The American Agronomic Stewardship Alliance (AASA) has completed its 12th year of inspecting bulk agricultural retail facilities. This program helps ensure compliance and stewardship of pesticide handling and storage.
The AASA is a not-for-profit organization governed by a board that includes pesticide manufacturers, distributors, retailers and a state ag department advisor. AASA conducts a national stewardship inspection program for ag retail facilities that store bulk pesticides, portable refillable containers, and packaged products.
Once every three years, your bulk ag retail facility will receive an AASA inspection. The inspection is no cost to you, and the inspection report is provided only to the facility and to the pesticide manufacturer (registrant) who ships bulk product to your facility, to help ensure that both parties are working together to enhance stewardship and to assure compliance with the EPA regulations.
The retailers find value in the program as evidenced by comments we received after the 2016 inspections:
- “The inspector pointed out two items that needed attention and I was able to fix them immediately.”
- “The inspector took the time to explain the regulations; he pointed out what I was doing right as well as what needed improvement, and he answered all the questions I had.”
- “The inspector was very courteous and made sure he did not disrupt my business while he was performing the inspection.”
AASA provides a point of contact for retailers to help you understand what needs to be done to enhance stewardship, to assure compliance, and to avoid costly federal or state penalties.
The Benefits of AASA
There are numerous examples of how AASA can help ag retailers:
Recent EPA Enforcement Actions. In September, the EPA levied some severe fines against the industry for failure to comply with portions of the FIFRA regulations pertaining to repackaging of bulk pesticides. This puts us on notice that constant attention to detail when it comes to repackaging documentation is important. In 2017, AASA will emphasize the need for compliance in this area, but in the off season here are things you can do to make sure you haven’t overlooked an important requirement.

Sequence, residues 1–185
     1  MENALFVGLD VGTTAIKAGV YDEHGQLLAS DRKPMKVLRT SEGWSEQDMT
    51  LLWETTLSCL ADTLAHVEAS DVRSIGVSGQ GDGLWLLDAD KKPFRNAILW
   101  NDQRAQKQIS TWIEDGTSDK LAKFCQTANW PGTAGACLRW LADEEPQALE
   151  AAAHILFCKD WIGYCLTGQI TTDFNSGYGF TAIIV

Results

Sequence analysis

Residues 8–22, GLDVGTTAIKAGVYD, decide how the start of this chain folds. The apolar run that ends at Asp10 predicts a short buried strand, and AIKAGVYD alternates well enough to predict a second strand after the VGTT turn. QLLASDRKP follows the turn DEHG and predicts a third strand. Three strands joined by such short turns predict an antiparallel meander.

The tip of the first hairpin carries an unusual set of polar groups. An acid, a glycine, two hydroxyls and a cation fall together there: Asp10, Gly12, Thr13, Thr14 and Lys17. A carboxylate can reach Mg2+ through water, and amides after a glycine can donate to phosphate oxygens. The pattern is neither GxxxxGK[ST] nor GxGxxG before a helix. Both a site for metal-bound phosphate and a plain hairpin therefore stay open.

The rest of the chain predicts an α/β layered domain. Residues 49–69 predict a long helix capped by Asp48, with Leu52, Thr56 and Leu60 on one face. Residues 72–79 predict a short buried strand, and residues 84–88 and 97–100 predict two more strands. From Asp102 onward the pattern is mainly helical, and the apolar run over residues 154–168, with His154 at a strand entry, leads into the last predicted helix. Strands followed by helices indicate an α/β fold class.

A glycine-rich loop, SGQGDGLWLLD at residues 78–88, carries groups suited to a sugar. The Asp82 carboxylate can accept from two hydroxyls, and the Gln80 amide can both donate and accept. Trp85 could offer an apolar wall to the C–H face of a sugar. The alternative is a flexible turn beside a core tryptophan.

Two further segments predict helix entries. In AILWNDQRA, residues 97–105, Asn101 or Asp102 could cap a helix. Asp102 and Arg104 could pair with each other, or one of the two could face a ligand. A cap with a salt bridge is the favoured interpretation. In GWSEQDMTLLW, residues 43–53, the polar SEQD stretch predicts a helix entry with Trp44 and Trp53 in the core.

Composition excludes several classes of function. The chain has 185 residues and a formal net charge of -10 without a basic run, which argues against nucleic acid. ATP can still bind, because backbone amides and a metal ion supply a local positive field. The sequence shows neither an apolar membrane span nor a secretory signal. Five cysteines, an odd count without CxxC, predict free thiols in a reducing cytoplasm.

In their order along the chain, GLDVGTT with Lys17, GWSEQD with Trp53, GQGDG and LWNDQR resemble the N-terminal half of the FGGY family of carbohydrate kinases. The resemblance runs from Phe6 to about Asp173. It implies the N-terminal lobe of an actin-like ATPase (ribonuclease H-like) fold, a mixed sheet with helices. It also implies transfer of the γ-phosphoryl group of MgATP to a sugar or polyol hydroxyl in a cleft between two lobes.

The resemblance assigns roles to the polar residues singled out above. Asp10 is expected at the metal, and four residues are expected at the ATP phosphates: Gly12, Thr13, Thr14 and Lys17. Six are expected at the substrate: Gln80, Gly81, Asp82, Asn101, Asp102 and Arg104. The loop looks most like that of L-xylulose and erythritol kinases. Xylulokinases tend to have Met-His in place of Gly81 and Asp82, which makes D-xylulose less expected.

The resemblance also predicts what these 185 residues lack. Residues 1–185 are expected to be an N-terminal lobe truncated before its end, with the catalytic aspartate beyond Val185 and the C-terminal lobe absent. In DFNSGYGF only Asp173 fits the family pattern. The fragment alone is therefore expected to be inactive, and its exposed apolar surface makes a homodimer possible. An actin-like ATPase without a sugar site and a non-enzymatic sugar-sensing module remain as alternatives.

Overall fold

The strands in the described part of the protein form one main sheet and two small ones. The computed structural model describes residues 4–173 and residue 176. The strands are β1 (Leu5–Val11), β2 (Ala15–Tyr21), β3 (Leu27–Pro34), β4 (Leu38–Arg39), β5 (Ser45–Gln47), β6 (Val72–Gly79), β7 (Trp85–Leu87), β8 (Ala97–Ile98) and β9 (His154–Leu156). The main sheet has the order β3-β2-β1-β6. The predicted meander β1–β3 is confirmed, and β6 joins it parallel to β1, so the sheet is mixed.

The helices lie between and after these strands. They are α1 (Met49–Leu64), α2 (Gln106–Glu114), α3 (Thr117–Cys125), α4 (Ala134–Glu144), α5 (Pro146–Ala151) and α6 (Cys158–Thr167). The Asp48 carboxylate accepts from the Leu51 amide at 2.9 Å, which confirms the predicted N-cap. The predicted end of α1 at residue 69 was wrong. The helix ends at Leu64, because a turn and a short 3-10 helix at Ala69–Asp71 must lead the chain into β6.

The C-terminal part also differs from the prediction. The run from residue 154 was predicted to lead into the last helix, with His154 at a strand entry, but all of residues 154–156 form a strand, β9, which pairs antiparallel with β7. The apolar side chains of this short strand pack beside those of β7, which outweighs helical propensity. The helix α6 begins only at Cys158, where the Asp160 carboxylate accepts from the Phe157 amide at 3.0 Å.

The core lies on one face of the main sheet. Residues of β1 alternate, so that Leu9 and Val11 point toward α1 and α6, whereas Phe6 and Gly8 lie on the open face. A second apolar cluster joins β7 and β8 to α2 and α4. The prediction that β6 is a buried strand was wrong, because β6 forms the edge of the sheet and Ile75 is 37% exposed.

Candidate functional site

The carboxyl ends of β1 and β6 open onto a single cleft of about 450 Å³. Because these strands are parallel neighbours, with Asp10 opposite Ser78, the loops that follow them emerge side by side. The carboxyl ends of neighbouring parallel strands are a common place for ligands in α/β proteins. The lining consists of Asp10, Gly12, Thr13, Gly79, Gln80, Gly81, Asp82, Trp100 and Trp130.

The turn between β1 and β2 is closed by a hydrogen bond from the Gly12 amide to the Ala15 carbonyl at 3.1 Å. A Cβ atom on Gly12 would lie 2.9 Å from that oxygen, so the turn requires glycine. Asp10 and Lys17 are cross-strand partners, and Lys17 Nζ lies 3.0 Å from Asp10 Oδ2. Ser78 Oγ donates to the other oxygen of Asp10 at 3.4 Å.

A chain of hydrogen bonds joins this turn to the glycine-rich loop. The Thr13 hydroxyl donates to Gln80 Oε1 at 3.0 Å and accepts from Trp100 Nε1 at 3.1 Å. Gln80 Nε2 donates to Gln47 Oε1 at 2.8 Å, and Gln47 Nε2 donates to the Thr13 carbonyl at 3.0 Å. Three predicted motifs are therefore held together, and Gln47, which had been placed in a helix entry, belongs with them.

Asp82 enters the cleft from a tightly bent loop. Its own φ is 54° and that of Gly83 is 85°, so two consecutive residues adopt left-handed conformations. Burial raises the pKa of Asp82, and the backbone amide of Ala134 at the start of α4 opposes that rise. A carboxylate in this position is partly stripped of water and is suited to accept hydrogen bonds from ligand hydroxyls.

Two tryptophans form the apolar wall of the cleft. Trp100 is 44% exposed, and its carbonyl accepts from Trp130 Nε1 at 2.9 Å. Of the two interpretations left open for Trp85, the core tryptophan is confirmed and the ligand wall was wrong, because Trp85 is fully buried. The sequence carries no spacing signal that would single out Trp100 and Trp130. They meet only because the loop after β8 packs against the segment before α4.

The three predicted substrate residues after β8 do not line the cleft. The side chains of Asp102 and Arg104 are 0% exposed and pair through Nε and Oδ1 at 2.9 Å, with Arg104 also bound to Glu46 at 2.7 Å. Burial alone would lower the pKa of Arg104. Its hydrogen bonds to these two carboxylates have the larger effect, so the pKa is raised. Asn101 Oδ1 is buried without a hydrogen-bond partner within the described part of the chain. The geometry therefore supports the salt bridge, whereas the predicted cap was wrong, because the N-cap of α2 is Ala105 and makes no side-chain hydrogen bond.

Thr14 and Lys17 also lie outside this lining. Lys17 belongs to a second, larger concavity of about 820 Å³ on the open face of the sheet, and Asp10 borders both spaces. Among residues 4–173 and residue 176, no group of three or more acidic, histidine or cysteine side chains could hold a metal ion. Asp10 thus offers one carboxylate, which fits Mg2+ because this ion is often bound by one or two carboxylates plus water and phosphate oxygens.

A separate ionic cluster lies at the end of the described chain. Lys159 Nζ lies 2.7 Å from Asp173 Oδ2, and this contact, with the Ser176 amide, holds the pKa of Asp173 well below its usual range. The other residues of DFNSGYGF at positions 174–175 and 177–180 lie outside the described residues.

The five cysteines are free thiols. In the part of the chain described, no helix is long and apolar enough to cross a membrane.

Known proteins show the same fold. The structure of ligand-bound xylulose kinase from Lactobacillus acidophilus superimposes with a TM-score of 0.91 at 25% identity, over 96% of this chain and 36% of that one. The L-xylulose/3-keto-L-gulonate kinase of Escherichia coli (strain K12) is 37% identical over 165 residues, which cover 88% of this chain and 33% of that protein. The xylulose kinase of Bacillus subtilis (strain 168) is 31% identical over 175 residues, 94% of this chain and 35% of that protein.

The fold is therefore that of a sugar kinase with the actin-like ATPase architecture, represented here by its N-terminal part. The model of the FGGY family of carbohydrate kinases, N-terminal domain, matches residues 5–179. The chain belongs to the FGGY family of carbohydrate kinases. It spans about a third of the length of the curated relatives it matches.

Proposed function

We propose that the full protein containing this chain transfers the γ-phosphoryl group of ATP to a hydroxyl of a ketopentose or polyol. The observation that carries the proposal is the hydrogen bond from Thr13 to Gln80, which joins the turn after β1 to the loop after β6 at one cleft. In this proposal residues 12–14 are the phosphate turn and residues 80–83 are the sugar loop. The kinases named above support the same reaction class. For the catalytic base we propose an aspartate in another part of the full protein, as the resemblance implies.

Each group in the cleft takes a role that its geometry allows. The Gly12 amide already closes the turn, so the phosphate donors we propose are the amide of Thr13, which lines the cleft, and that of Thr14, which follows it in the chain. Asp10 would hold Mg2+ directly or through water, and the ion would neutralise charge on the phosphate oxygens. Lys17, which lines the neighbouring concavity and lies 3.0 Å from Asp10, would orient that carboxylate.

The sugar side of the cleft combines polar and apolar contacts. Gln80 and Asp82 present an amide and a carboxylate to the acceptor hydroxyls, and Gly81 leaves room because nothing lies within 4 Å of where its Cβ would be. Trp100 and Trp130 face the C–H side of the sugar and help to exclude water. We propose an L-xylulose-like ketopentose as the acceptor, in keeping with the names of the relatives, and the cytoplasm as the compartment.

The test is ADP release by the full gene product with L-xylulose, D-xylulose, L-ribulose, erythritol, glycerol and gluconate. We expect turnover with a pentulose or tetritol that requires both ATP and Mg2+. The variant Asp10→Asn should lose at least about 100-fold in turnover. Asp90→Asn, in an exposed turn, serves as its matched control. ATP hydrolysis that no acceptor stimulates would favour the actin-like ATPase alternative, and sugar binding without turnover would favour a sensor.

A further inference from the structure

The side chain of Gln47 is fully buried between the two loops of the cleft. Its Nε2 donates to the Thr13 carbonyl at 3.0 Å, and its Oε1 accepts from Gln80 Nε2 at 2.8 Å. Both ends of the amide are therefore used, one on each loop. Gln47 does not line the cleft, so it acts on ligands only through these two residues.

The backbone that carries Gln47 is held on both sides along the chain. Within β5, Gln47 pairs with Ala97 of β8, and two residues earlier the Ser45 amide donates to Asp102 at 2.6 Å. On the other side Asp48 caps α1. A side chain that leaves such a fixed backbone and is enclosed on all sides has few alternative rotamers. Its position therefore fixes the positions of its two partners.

Repackaging vs. Service Containers. The EPA defines repackaging as “distributing or selling” meaning “to distribute, sell, offer for sale, hold for distribution, hold for sale, hold for shipment, ship, deliver for shipment, release for shipment, or receive (and having so received), deliver or offer to deliver.” In short, if you transfer bulk pesticides to a smaller container and do any of the above, then you are repacking and must comply with the items outlined below.
But if you are only transferring bulk pesticides to another container for the purpose of applying the pesticide through your application equipment and you do not deliver any unapplied pesticide to a customer, the containers are “service containers” and the repackaging rules do not apply to you. While the EPA does not regulate “service containers,” it does recommend that these containers be identified with the product label and name and address of your company to help identify the product in case of emergency.
If you are going to sell or distribute portable refillable containers, make sure you have all the following at your facility to avoid a penalty from the EPA:
- You must have a EPA issued Pesticide Producing Establishment Number.
- You must have a written contract with the pesticide manufacturer to repackage the product for sale or distribution.
- You must use the product label provided by the pesticide manufacturer for the product at the time it was delivered to your facility.
- Be sure to fill in the “net contents” of the product on the bulk tank based upon the most recent bulk delivery to that tank.
- You must have the following documents on file at the refilling establishment before you begin repackaging.
- A written contract with the pesticide manufacturer for the products you will be repackaging.
- A product label and accompanying labeling (i.e., the booklet).
- The pesticide manufacturer’s written residue removal procedures.
- The pesticide manufacturer’s written description of acceptable containers that you can refill the product into.
- You must maintain all records of repackaging activity for the current year and maintain those records for three years.
- You must furnish the records for inspection and/or copying at the request of any EPA employee or an entity that is designated to perform EPA inspections, such as your state department of agriculture or state environmental official.
If you are unsure of your documents or procedures, please ask your bulk product sales representative for assistance or contact AASA at 309-827-2774.